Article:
Listening to these students share their thoughts – on YPT and the value of arts education, on school, on their dreams for the future – was deeply inspiring.

One student described her experience as a shy student, afraid to speak out in class. She credited YPT with helping her find her voice and share her ideas with confidence. (Listening to her speak, it was hard to believe that she had ever been a quiet student.) “I want to thank you,” she told the board. “Without you, I wouldn’t be here speaking like this today.”

Another student said that YPT is like a family. She explained that YPT’s Young Playwrights’ Workshop provides her with the opportunity to interact with students that would never be friends or even necessarily feel comfortable speaking with one another in school. At YPT, these students are equals, removed from the clique culture of the school day, and working together to create something bigger than themselves.

One Board member asked the students what they would say to a principal or administrator if he or she decided to cut YPT from their menu of in-school and after-school programming. All five students vehemently responded, “We would never let that happen.”

One of the students – the one who described herself as formerly shy – explained that YPT teaches students to learn and think creatively, and that this kind of thinking is the glue that connects and holds all the other academic and extracurricular activities together. “Without YPT,” she said, “everything else would just shatter.”

Another Board member asked the students how YPT could make their experience even better. The students threw out a number of ideas to build on existing programs – like finding ways to include YPT alumni in programming after they move on to college.  They expressed a strong desire to return to YPT after graduation to serve as mentors and advocates for their younger peers. (We think that’s a great idea.)

One of the younger students told the Board Chair that we should find a way to let kids know that writing a play with YPT is different and better than “just another writing assignment.”

“What makes it better?” the Board Chair asked.

The student shrugged. “It’s fun.”

Interested in meeting our students and joining in on the fun? Check out New Writers Now! – Mad Love, on February 13, our next free professional performance of student work (and our first-ever anti-Valentine’s Day celebration).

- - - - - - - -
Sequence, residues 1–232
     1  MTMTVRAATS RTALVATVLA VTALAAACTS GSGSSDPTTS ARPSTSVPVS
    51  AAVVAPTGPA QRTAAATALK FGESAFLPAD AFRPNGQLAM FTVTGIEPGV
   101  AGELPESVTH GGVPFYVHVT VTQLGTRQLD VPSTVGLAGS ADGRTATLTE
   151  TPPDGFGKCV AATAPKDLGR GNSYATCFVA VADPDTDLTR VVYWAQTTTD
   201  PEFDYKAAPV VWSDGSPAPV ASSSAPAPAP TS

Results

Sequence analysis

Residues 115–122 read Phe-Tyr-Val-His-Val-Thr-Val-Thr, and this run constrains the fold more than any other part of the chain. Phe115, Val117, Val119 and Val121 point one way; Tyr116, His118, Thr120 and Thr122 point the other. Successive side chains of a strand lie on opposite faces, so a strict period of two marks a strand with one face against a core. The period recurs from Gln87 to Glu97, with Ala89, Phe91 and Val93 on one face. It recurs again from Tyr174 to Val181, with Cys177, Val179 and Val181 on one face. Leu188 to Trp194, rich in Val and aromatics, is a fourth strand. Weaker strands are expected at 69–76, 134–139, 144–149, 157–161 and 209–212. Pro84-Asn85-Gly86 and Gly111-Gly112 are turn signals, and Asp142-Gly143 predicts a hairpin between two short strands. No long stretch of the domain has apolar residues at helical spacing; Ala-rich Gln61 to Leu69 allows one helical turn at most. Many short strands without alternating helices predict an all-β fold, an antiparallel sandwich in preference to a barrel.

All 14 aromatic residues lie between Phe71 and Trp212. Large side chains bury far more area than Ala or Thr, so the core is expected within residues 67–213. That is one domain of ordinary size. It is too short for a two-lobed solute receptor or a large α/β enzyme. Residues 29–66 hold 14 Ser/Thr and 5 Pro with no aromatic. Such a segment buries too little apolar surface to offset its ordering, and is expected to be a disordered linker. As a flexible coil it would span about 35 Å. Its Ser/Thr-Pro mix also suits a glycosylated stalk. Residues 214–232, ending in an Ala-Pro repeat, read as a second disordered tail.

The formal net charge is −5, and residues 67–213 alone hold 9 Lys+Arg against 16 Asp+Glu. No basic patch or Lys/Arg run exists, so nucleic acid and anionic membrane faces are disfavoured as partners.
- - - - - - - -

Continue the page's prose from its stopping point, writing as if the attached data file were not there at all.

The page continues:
Brigitte
Deputy Director

YPT’s Fall Semester: Reflecting on the Journey

Around this time two years ago, I was finishing my first semester as a freelance teaching artist, and my first semester with YPT’s In-School Playwriting Program.  I had spent the fall semester with a class of eighth graders at Swanson Middle School, teaching them about character and conflict, structure and stage directions, but mostly being awed over and over by their creativity, maturity and intelligence.  One particularly wonderful play, Love Math and Martians Don’t Mix by Cassidy Boomsma, went on to be produced in the 2010 New Play Festival, and then went out on the Express Tour the following season.  As I worked with Cassidy to dramaturge her play and watched her grow as a student and a playwright, I was amazed at how far she had come.

Now, as the new year begins, I am YPT’s Program Associate, and have just completed another semester at Swanson, in addition to overseeing our other in-school programming.  This fall, we reached more students than ever before, with 24 workshops in eight schools.  898 students, led by eight fearless teaching artists, dove headfirst into the art of playwriting.  Over the past few weeks, from the hundreds of plays produced by these students, YPT has narrowed the pool down to 26 finalists to be considered for the 2012 New Play Festival.  For the first time, we were aided in this selection by our Company, which was created just this year. This diverse collection of students, directors, teacher, actors and writers will continue to assist us as we choose the final ten to twelve plays that will be performed in this year’s festival.